At which point, we cut back to Triumph, who's tracked the thief back to his lair. It's the Key. He's been behind all of it. His entire career as supervillain has led up to this moment, a mystical initiation that has led him to power, to madness, to sanity, and finally to the perfect purification that has made him ready for this moment. He has constructed the Lock. (The cleaning fluid was needed to purify the area it will stand on.) The moment he enters it, he will open the true mysteries of the universe and attain perfect cosmic oneness, the ultimate fulfillment of the spirit. Of course, the universe will cease to exist, but he's okay with that, because he won't be in it anymore.

The only problem is that the Lock will only be in convergence with our universe for five minutes of real time. And during that five minutes, all the Key's powers will disappear and he'll be just a normal human being. Meaning that he needs five minutes of time in which he can be absolutely sure that not a single superhuman will interrupt him. And he's arranged all that. Every superhero, every supervillain, everyone with any kind of special power whatsoever, is neatly out of the way for the five minutes that will lead to the Key's apotheosis.

But Triumph isn't anyone special. He's just a janitor. The Key didn't account for him. And so, for five minutes, Triumph becomes the most important person in the whole universe, because he's the only person in between the Key and the Lock. The fight that follows isn't pretty, it isn't graceful or athletic or even all that heroic. There's scratching, there's hair-pulling, there's biting. But it lasts a full five minutes, and that's all that matters.

At that point, the Key loses his chance, but regains his powers. He's about to take his vengeance on the powerless, bruised, battered Triumph...when every single superhero in the entire DC Universe shows up to stop him. Having saved the day, Triumph stares into the sunrise and realizes that what's important isn't being powerful, or famous, or idolized or rich or important. He remembers why he became a hero in the first place, to do what's right and to know that the world is going to keep on turning one more day. And even without powers, that's enough.

Sunday, May 19, 2013

Magic Is Making Me Weirdly Nostalgic

It's weird, but I've had a hankering lately to get back into Magic: The Gathering. I got out of it in the mid-90s (somewhere around the release of 'Tempest', when I realized that my completist urges, my retail job, and WotC's release schedule made for a very bad combination) but the closure of 'City of Heroes' has made me long for tabletop gaming once again, and so I decided that I could get back into it on a limited basis. So I bought ten bucks worth of commons, a stack of basic lands...and I was surprised to discover that something I thought would be timeless was anything but.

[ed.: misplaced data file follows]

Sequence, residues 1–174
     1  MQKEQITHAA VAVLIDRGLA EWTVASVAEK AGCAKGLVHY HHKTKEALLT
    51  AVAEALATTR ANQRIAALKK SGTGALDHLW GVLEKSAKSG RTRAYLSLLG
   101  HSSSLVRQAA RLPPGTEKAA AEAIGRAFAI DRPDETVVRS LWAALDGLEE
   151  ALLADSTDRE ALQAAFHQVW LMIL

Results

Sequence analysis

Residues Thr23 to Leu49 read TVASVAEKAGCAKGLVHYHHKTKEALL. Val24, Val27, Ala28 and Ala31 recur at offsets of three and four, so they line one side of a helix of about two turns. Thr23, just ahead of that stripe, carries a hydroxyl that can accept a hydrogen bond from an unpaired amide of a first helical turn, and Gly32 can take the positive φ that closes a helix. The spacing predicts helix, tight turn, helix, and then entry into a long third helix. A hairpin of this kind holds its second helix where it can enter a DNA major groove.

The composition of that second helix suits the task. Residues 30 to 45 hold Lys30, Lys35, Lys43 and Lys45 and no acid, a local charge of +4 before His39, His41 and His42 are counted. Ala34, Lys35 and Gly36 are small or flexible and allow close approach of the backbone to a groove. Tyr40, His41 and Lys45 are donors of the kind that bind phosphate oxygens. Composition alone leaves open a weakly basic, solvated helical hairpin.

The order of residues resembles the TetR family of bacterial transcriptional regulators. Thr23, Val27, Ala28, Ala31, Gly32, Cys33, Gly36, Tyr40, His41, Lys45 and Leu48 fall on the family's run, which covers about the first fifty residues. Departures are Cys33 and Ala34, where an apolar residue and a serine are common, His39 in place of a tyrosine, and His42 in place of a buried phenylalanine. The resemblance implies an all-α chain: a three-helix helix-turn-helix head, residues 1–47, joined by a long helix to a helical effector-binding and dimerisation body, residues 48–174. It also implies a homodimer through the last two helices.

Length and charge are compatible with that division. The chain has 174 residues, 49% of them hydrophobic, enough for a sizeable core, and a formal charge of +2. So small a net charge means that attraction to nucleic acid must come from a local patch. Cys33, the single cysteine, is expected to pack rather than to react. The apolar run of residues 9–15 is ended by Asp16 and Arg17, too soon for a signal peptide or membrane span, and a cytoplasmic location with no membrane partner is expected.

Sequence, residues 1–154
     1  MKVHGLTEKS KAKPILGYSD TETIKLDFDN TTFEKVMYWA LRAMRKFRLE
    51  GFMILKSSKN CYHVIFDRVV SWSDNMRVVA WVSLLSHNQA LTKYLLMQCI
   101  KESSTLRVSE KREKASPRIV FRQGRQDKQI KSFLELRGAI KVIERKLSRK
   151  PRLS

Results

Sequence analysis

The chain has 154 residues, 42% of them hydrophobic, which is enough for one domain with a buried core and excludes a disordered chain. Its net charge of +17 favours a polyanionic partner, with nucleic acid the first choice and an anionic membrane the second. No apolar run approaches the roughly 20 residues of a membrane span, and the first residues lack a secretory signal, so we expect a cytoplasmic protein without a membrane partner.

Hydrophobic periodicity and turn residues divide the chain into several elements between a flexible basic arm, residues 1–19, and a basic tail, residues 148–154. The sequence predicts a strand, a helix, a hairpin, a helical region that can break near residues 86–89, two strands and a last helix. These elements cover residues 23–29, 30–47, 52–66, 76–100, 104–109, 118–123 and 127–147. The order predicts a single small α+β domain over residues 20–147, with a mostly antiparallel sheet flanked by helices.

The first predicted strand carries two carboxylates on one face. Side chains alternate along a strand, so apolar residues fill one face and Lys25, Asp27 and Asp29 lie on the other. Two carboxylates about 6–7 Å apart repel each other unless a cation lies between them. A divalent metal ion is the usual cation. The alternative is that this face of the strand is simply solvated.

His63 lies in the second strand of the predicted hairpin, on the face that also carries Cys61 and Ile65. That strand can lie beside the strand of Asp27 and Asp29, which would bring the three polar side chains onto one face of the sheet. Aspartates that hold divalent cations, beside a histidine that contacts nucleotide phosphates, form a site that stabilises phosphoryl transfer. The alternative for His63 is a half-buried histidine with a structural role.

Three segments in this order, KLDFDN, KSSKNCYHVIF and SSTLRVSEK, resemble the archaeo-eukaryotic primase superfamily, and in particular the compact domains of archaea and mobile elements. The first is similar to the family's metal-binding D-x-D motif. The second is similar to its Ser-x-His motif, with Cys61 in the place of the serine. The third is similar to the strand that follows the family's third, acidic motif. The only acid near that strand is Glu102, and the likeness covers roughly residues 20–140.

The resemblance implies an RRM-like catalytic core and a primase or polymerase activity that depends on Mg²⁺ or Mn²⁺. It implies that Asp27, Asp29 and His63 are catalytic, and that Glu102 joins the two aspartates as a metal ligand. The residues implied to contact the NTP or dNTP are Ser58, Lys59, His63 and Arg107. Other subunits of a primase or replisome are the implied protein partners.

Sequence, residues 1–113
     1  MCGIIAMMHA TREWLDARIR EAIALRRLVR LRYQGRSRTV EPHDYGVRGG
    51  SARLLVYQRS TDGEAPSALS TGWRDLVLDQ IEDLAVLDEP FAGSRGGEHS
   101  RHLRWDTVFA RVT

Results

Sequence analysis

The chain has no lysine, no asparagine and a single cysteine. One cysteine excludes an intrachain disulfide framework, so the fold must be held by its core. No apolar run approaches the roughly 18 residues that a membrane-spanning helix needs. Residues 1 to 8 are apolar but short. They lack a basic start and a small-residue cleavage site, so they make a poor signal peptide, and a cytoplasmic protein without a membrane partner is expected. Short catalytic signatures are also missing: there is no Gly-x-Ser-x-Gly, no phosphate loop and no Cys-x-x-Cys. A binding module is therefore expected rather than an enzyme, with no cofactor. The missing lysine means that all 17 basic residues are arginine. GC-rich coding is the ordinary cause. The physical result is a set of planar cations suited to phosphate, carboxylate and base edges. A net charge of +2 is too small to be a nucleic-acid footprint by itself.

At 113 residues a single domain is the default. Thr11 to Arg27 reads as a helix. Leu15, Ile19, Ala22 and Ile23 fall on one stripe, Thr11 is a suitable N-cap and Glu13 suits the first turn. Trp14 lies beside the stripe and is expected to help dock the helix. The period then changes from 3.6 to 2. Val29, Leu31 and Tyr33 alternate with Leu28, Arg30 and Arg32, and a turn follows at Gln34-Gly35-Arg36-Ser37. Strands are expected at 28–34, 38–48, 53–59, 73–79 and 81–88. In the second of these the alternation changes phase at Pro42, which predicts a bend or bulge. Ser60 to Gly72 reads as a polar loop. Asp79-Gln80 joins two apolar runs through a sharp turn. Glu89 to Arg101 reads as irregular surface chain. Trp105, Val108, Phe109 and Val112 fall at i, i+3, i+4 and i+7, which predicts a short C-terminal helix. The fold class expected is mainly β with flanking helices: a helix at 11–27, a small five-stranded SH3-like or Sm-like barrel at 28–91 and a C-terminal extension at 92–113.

There are no Llanowar Elves in the latest edition. No Fireballs, no Lightning Bolts, no Counterspells or Prodigal Sorcerers. No Terror or Pestilence, no Disenchant or Circle of Protection...somewhere in the intervening decade or so, the decision that there were certain "indispensable" cards that would carry over from one edition to the next (of course, they're not called "editions" anymore, they're "core sets") went by the wayside. Even the rules changed--no more Interrupts, no more burying creatures, and many mechanics I'm already familiar with like "Walls" and "Can block creature with flying" and "remove from the game" got codewords like "Defender" and "Reach" and "Exile".

It's a little bit weird to me. I'd always known Magic was putting out new sets while I was away, but somehow I always assumed that getting back into the game would just be a case of shaking off the rust and refamiliarizing myself with the cards. Now I find out that it's like learning a whole new game all over again. This isn't a bad thing, don't get me wrong--I learn new games all the time. But an experience I thought would be like coming back home has turned out to be a visit to a whole new place, and I'm not quite sure how I feel about that. Maybe this is just what getting old feels like. Any day now I'll start talking about how back in my day, when you tapped too many lands in one turn, it actually hurt you! And we liked it! Then I'll start longing for Shivan Dragons and they'll put me in a home.

Or not. Maybe I'll embrace this strange new world where you can have planeswalker buddies and there are sometimes two spells to a card. Who knows? Either way, I'm determined not to let completism get the better of me this time. Magic might be a new game, it might be a familiar game...but it's a game. Not a collection. Not for me, at least.

Wednesday, May 15, 2013

Bonus Blog!

I just wanted to take a moment to introduce everyone to my new Doctor Who-focused blog, 'A Madman With a Box (Without a Box)'. It's going to be a mix of new Doctor Who posts, and old posts from a variety of sources (I've written about Doctor Who a lot, in a lot of places over the years) that you probably haven't seen. It will remain separate from 'The Doctor Who Book Project', which I'm writing with my lovely wife as an overview of the Doctor Who novels (we're just finished up with 'Blood Heat'.) Also, anything I published in print will not be reprinted there (so you'll need to actually buy 'Outside In' to read my essay on "The Web of Fear".)

So in short, if you're a Doctor Who fan who comes here for the Who stuff, you'll get a concentrated dose there (the new stuff updates once a week, the old stuff every other day.) If you're a fan of my writing, you'll also get a concentrated dose there. If you're not a fan of my writing or Doctor Who, you probably didn't read this far so I can say whatever I want about you. Puppy-killer.

Sunday, May 12, 2013

How to Watch 'Room 237'